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7.22 Ascendancy

Ascendency is a measure of the average mutual information in a system, scaled by system throughput, and is derived from information theory (see Ulanowicz and Norden, 1990). If one knows the location of a unit of energy the uncertainty about where it will next flow to is reduced by an amount known as the average mutual information’,

Eq. 37

where, if Tij is a measure of the energy flow from j to i, fij is the fraction of the total flow from j that is represented by Tij, or,

Eq. 38

Qi is the probability that a unit of energy passes through i, or

Eq. 39

Qi is a probability and is scaled by multiplication with the total throughput of the system, T, where

Eq. 40


Eq. 41

where, it is A that is called ‘ascendency’. The ascendency is symmetrical and will have the same value whether calculated from input or output.

There is an upper limit for the size of the ascendency. This upper limit is called the ‘development capacity’ and is estimated from

Eq. 42

where H is called the ‘statistical entropy’, and is estimated from

Eq. 43

The difference between the capacity and the ascendency is called ‘system overhead’. The overheads provide limits on how much the ascendency can increase and reflect the system's ‘strength in reserve’ from which it can draw to meet unexpected perturbations (Ulanowicz, 1986). As an example, the part of the ascendency that is due to imports, A0, can increase at the expense of the overheads due to imports, Q0. This can be done by either diminishing the imports or by importing from a few major sources only. The first solution would imply that the system should starve, while the latter would render the system more dependent on a few sources of imports. The system thus does not benefit from reducing Q0 below a certain system-specific critical level (Ulanowicz and Norden, 1990).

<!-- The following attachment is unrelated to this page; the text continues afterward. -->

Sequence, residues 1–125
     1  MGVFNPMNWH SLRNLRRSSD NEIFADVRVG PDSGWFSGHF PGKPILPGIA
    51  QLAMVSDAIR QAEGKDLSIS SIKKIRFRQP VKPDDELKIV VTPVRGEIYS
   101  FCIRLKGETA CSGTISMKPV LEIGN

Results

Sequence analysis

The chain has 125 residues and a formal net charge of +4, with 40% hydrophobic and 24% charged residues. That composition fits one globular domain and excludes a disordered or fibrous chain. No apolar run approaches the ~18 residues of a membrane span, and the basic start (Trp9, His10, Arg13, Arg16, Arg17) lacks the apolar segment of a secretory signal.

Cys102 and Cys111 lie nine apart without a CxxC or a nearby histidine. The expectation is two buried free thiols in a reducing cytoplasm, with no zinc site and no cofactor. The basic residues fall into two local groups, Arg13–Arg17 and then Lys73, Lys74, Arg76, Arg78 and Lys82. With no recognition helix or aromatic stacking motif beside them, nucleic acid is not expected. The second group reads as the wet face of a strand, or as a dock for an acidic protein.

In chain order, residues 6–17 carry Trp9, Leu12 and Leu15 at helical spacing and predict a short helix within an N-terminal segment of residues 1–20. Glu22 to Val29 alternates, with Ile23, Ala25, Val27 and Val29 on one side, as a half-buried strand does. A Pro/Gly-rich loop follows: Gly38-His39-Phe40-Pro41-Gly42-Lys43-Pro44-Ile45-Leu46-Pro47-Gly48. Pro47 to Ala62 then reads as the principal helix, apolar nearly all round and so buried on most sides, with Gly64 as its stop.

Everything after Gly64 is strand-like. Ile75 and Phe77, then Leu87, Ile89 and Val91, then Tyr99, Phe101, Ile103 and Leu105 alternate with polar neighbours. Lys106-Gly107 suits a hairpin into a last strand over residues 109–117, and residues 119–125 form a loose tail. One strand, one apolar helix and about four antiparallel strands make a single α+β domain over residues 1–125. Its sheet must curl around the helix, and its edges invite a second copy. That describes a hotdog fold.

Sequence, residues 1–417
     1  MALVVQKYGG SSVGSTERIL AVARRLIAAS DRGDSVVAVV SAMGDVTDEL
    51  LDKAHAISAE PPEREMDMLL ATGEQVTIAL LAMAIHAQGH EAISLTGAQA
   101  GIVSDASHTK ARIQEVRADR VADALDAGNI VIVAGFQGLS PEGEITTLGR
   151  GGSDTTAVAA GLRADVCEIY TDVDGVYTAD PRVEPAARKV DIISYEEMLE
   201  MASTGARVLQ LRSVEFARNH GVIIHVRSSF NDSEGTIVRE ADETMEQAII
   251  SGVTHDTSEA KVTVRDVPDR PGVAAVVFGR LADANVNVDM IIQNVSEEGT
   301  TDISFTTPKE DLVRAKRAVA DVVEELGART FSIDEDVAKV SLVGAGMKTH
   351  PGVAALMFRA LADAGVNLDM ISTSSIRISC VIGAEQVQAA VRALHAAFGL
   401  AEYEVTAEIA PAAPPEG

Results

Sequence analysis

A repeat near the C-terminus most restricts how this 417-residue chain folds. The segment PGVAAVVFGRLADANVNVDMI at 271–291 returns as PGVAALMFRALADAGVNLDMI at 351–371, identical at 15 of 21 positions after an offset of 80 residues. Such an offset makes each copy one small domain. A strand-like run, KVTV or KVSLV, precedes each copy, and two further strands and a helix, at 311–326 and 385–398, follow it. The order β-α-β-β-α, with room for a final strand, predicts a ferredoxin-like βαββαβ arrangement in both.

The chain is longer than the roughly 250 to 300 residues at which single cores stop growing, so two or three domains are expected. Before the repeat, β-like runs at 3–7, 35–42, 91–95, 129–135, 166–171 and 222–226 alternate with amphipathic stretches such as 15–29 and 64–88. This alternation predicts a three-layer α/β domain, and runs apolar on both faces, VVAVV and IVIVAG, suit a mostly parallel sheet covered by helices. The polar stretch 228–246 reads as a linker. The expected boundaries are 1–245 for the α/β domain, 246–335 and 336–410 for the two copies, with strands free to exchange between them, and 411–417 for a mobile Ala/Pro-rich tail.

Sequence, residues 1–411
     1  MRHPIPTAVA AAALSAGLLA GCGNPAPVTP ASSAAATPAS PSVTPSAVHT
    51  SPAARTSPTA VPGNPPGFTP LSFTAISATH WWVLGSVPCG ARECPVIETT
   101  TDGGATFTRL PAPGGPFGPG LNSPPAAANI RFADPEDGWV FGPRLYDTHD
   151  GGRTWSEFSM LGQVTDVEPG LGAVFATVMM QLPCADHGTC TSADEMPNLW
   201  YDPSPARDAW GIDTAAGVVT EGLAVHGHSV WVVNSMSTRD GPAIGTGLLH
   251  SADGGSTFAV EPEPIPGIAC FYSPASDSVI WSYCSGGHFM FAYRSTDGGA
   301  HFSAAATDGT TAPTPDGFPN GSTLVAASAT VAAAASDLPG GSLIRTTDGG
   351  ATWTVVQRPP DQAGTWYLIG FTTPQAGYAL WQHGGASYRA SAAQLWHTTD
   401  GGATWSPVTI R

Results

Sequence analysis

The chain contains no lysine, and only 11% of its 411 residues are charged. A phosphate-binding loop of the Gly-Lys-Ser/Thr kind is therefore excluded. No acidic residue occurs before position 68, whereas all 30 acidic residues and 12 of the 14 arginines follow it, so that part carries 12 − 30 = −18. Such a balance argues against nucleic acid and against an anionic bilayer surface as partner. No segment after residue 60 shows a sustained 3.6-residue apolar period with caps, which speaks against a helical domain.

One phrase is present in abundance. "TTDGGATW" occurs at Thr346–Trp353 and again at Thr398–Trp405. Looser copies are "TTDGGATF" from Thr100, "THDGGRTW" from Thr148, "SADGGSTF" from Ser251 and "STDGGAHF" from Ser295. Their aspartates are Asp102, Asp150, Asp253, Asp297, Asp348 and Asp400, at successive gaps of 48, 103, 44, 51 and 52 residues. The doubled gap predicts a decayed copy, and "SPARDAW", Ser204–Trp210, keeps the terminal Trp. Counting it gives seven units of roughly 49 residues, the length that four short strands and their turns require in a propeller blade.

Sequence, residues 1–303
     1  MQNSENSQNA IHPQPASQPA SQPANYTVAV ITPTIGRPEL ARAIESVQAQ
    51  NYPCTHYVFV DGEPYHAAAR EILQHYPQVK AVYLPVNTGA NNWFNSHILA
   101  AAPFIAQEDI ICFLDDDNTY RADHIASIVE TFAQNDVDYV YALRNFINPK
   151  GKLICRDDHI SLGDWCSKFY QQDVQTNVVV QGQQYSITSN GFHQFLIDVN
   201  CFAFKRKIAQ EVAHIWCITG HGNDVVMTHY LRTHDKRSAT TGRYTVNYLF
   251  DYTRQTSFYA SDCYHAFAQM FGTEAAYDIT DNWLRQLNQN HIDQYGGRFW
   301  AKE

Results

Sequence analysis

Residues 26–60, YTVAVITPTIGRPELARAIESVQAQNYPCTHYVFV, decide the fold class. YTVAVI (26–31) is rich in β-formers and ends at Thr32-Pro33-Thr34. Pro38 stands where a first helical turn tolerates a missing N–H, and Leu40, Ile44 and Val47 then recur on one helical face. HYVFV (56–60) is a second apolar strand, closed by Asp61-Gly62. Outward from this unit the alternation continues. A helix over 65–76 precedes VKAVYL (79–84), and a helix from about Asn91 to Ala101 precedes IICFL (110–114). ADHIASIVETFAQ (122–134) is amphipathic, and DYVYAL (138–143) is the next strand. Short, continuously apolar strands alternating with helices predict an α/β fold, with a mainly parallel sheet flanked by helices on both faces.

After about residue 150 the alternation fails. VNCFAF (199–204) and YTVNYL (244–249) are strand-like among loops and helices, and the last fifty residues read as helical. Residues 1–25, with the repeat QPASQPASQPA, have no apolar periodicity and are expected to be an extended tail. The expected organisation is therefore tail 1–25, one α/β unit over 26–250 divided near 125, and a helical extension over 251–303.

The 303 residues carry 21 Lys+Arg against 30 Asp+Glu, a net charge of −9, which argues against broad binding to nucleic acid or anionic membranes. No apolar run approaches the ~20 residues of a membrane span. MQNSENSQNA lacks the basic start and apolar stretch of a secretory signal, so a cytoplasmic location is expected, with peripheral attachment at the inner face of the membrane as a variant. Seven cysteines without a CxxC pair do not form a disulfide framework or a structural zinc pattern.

The ascendency, overheads and capacity can all be split into contributions from imports, internal flow, exports and dissipation (respiration). These contributions are additive.

The unit for these measures is ‘flowbits’, or the product of flow (e.g., t/km2/year) and bits. Here the ‘bit’ is an information unit, corresponding to the amount of uncertainty associated with a single binary decision.

The overheads on imports and internal flows (redundancy) may be seen as a measure of system stability sensu Odum, and the ascendency / system throughput ratio as a measure of information, as included in Odum’s attributes of ecosystem maturity.  For a study of ecosystem maturity using Ecopath see Christensen (1995a).

Ecopath calculates ascendency, overheads and capacity for the whole system (Total form) and by group (By group form).